One of the aims of religion is to determine what is sacred or holy verses what is secular or profane.  Debates have been held to try to navigate this delicate delineation.  In Christianity the understanding of holy is pretty complex.  It is generally understood that the source of holiness in itself is God, but outside of that it is a bit difficult to pin down.

Some people believe that God is calling Christianity to a particular way of life: abstaining from certain actions, alcohol, foul language and pre-marital sex.  However others believe that if the followers of Christ should hold true to the commands of Jesus himself.  Others hold to the teachings of the writers of the letters and epistles more than anything else.  And still others believe in a combination of all three.  As you can see the sacred is not something that one can put in a check list and hope to attain easily.

For every person that proclaims to be a follower of Christ, there are that many understandings of God and expressions of what it means to serve Christ faithfully today.  On top of that, the notion of what is sacred varies from person to person as well.

This however this is not a bad thing when it comes to Christianity.  Too often the church is seen as a place that dictates laws or recites laws that they believe are from God.

The church is not a place that makes rules or establishes what it means to be holy, rather the church is a place where people can come and share their experiences and their expressions of faith.  By changing the mind set about what church is, people might have a better understanding of what Christianity is really about, trying to live as faithfully as possible to the teachings of God and Christ.

The problem that the church has found itself in is that it is trying too much to remove itself and fellow followers of Christ from the secular society, to try to make a holy community.  The problem with is that if we cannot agree on one proper interpretation of scripture then how can we begin to broach the question of what is sacred?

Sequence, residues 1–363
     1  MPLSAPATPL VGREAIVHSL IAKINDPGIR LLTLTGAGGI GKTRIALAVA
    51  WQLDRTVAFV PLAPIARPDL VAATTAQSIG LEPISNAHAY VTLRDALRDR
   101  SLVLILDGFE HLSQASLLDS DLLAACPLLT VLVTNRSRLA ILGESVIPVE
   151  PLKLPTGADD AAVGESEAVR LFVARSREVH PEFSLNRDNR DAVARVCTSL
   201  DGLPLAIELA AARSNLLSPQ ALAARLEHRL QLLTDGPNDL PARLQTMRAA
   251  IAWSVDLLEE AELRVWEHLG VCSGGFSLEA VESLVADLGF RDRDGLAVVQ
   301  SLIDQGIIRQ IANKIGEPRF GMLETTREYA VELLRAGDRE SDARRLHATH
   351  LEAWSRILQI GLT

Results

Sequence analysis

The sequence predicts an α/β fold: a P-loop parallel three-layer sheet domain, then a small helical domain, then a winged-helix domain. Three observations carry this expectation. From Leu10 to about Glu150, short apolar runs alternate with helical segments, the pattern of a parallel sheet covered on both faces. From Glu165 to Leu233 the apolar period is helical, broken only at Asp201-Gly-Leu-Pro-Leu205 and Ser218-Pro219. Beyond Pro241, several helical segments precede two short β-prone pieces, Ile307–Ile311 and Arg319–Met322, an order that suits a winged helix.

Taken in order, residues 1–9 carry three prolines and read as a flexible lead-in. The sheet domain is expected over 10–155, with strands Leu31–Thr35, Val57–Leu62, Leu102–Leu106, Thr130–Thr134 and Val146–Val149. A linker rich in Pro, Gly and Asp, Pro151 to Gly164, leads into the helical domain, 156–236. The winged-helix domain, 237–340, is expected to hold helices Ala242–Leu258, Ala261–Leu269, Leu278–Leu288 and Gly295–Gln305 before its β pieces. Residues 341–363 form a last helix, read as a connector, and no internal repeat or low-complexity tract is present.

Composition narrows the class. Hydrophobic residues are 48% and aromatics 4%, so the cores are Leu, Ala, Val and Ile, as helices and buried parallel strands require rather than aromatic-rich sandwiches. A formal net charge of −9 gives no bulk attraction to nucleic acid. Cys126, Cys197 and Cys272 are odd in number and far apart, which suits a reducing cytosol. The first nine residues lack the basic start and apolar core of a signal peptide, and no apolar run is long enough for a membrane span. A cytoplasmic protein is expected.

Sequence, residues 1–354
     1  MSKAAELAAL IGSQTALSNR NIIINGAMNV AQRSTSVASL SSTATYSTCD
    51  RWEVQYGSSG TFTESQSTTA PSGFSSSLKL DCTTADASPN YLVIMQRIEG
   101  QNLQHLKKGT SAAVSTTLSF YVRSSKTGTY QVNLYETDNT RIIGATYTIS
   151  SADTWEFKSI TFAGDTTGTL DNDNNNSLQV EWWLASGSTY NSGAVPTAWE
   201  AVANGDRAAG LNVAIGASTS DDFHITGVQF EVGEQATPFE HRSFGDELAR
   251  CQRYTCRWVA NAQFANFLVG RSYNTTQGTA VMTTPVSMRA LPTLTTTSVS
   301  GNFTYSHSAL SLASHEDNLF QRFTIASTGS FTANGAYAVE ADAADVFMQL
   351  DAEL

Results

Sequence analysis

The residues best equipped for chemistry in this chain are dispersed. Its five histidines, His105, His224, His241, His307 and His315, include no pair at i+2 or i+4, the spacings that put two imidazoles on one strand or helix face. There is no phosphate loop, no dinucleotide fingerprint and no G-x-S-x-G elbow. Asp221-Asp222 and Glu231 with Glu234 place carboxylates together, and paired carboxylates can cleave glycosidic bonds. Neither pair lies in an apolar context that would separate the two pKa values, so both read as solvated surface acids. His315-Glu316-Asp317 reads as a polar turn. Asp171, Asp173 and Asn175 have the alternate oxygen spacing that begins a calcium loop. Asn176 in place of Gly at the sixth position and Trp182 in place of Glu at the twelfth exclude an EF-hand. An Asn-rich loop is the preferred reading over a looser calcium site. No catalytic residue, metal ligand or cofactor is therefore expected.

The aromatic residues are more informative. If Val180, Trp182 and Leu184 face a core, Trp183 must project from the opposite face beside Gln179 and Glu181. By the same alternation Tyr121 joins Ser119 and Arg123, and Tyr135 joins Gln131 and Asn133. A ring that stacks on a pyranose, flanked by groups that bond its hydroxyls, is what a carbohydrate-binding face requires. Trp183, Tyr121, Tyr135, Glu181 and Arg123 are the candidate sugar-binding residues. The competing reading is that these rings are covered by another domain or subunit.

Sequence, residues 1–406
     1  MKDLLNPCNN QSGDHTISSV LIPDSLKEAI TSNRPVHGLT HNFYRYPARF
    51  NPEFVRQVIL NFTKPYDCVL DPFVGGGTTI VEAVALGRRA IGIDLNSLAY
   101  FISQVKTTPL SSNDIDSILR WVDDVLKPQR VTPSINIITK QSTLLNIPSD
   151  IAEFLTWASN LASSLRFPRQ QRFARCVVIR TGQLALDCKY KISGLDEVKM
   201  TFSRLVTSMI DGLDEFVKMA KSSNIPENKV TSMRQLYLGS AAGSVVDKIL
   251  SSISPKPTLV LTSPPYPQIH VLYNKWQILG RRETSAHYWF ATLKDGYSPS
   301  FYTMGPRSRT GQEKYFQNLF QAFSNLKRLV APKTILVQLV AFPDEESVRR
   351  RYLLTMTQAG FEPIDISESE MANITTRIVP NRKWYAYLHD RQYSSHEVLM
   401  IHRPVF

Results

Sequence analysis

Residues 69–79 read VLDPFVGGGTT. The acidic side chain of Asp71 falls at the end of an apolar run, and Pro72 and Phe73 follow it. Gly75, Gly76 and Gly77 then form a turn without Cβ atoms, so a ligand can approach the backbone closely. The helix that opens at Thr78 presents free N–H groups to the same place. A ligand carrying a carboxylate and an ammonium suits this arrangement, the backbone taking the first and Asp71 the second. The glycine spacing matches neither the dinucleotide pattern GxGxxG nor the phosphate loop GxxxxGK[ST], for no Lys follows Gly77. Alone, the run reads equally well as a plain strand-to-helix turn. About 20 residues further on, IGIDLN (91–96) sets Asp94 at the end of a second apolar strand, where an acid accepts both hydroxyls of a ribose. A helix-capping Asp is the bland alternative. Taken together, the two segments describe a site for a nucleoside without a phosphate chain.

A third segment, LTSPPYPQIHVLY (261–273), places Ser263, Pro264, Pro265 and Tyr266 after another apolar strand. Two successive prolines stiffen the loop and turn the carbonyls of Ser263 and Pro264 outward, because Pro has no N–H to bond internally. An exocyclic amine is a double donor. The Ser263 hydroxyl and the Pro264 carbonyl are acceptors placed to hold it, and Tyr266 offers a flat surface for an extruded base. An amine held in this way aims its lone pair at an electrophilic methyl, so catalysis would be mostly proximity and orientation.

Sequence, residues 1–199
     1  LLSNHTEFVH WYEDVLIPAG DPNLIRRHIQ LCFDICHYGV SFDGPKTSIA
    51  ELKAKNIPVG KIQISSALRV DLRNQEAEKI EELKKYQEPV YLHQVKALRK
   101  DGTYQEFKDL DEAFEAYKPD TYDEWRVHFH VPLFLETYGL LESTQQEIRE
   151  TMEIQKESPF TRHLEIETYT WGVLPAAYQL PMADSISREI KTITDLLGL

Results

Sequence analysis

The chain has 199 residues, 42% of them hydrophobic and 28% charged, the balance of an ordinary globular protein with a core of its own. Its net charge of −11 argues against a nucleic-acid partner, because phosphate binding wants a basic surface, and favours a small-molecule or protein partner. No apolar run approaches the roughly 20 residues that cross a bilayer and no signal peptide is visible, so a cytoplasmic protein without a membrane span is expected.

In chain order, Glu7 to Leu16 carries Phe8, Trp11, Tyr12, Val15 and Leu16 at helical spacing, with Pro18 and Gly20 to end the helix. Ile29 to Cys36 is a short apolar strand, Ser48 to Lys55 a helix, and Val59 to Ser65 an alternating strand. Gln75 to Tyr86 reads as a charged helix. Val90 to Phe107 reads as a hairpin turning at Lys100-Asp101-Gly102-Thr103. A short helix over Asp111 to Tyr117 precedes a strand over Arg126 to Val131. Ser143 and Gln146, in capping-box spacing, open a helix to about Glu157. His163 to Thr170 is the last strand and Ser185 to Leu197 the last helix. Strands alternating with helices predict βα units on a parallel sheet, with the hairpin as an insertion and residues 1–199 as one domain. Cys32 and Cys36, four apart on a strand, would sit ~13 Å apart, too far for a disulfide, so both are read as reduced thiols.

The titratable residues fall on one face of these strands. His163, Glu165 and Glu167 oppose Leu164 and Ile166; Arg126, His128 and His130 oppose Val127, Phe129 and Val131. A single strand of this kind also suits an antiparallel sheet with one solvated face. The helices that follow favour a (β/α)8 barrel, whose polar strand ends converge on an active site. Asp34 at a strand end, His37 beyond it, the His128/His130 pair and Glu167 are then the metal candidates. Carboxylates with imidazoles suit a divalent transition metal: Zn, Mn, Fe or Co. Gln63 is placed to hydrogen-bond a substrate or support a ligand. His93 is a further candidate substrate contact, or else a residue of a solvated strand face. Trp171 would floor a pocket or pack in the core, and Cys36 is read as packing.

Each person has their own understanding of what is sacred.  I recently attended a seminar in which the keynote speaker stated that every person has their own personal canon when it comes to faith expression.  By canon I do not mean a weapon but an authoritative guide of what is holy.  For Christians the canon which guides their life is the Bible.  But even with that said, the Bible is different between Orthodox, Catholic and Protestant denominations. The word canon comes from a word that means “measuring stick,” so when we claim that the Bible is a canon, then we are stating that we use it to measure our lives and actions against it.

Many things can be sacred to people: scriptures like Psalm 23, 1 Corinthians 13, 1 John 4.  Things like music, art and dancing can bring us to a place of connection with the Divine; they can renew our faith and soul.  All of these things transport us to a deeper relationship with God and you may never have to set foot into a ‘church’ to find it.  During our life when the hard times set in we will all return to that place of comfort and rest; we will go to our sacred canon.  We will return to that place to seek out God once more.

Most people’s canons will grow and change over time and that is just fine.  Our relationship and understanding of God can never be static.  As we mature and have differing life experiences our view of God will change; this does not mean that the central driving message of God’s love for all and the acceptance of all people changes, rather the way that we understand God moving and working in the world does.

What is sacred to you may not be sacred to me.  What connects you to the divine may not connect me.  But by having conversation with the central understanding that we are all serving and worshiping the same God, then we might actually learn from one another.  I might not be a practicing member of an Orthodox church but I can learn from their liturgy, I might not be a practicing member of a Catholic church, but I can learn from their devotion to prayer and confession.

In the week ahead come try to find those places what connect you to the divine.  Do not try to find them in a list of rules or commands, rather in nature or art or in the so called secular world around you.  If we claim that God is everywhere then why are we only looking for God in a set of rules?  God is found a stream in the forest and in a painting by Van Gough.

Where will you see God and experience the sacred?  You might be surprised where you have overlooked God.